The 2019 MLB season has already been filled with surprises. The Seattle Mariners–the preeminent “sellers” of this past offseason–have the best record in the bigs. The Red Sox, Yankees and Astros all have losing records. The Chicago Cubs lead the majors in batting average and on-base percentage, and yet have stumbled out of the gate at 1-4 due to bullpen struggles.
The beginning of each season brings with it plenty of overreactions (no, the Mariners are not actually the best team in baseball) as well as legitimate concerns (like the mountain heap of injuries incurred by the Yankees). In this regard, no team has been as fascinating as the defending champion Red Sox.
Boston could easily be 0-7 were it not for a pair of comeback victories against the Mariners and Oakland Athletics, respectively. Chris Sale’s steep decline in velocity has suddenly made him appear more hittable, and the rotation has combined to give up 30 earned runs in just 32 innings of work.
In fact, the offense has not fared much better, and the Red Sox began play on April 4 with the worst run differential (-15) in baseball.
Of course, every game matters in a very top-heavy American League East, but Red Sox fans need not panic.
Yankees struggling as well
There might be more reason to worry had Boston’s archnemesis–the Yankees–gotten off to a good start. After all, New York was one of the betting favorites to win the World Series this season, and had the best offseason of any team in the AL East.
However, the Yankees have struggled to get an early foothold on this season as well, losing two of three to both the Baltimore Orioles and Detroit Tigers in their opening homestand.
To make matters worse, the Yankees have already been utterly depleted by the injury bug. Shortstop Didi Gregorious underwent Tommy John surgery at the end of last season, offering an early setback up the middle.
Ace Luis Severino’s status is still unknown after he was shut down with shoulder discomfort during Spring Training, and C.C. Sabathia has joined him on the injured list. Meanwhile, Dellin Betances had a right shoulder impingement and is sidelined for the time being.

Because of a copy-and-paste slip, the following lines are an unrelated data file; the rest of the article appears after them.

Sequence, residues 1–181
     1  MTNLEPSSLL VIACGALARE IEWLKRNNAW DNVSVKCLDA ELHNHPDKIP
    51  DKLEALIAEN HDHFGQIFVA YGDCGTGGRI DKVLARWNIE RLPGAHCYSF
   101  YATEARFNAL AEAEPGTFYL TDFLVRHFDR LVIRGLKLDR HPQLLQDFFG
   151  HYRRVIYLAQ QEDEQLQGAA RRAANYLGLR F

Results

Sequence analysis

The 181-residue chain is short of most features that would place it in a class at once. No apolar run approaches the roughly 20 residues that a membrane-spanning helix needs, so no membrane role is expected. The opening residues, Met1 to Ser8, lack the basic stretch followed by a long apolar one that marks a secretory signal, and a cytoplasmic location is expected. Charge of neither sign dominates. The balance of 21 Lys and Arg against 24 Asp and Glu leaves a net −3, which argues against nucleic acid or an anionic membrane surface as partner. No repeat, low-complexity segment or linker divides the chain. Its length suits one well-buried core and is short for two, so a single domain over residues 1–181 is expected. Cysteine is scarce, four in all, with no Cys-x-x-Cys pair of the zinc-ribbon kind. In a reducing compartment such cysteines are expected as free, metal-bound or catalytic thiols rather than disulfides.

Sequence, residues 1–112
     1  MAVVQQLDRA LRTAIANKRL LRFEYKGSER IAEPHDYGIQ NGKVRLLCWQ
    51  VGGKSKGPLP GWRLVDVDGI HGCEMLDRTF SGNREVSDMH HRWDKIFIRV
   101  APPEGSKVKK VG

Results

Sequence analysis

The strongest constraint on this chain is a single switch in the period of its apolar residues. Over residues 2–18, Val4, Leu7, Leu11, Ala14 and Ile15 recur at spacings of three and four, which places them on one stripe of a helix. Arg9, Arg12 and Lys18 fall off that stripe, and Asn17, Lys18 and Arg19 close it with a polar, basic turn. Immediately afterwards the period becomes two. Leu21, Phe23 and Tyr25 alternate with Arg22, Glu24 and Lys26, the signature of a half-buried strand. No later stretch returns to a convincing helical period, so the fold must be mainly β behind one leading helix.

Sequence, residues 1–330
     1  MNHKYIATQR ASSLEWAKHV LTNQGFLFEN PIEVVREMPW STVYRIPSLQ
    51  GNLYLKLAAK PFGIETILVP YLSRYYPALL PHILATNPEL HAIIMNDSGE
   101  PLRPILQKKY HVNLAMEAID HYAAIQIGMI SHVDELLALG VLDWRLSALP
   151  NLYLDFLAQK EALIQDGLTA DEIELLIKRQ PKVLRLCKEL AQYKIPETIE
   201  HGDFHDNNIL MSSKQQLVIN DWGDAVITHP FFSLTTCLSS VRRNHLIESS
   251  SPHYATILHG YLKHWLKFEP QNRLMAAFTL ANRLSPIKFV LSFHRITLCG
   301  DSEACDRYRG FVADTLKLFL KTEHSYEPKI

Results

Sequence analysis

Giancarlo Stantonhas already hit the IL, and Gregorious’ replacement–Troy Tulowitzki–suffered a calf strain in a game against the Tigers.
In other words, the Yankees–who came into the season with such high hopes–are going to struggle just to survive April in the wake of all these injuries.
J.D. still raking
Sure, Andrew Benintendi and Mookie Betts have gotten off to slow starts. But J.D. Martinez continues to prove why he might be the best hitter in baseball.
Before play began on Thursday Martinez was hitting .357 with a pair of homers and a team-high seven RBIs, including a .500 clip with runners in scoring position.
Martinez has stayed hot basically since July of 2017. After getting traded to the Arizona Diamondbacks that summer, Martinez clubbed 29 homers and posted a 1.107 OPS before hitting .364 in Arizona’s NLDS loss to the Los Angeles Dodgers.
And last year, Martinez made a legitimate Triple Crown bid. He finished first in RBIs (130) and second in both homers (43) and batting average (.330) while providing protection for Betts, Benintendi and Xander Bogaerts.
Martinez can opt out of his current contract after this season, so this may as well be a contract year for him. While the thought of losing Martinez in free agency may be terrifying for some fans, it should mean that he will continue to produce at a high level, and not fall victim to much regression.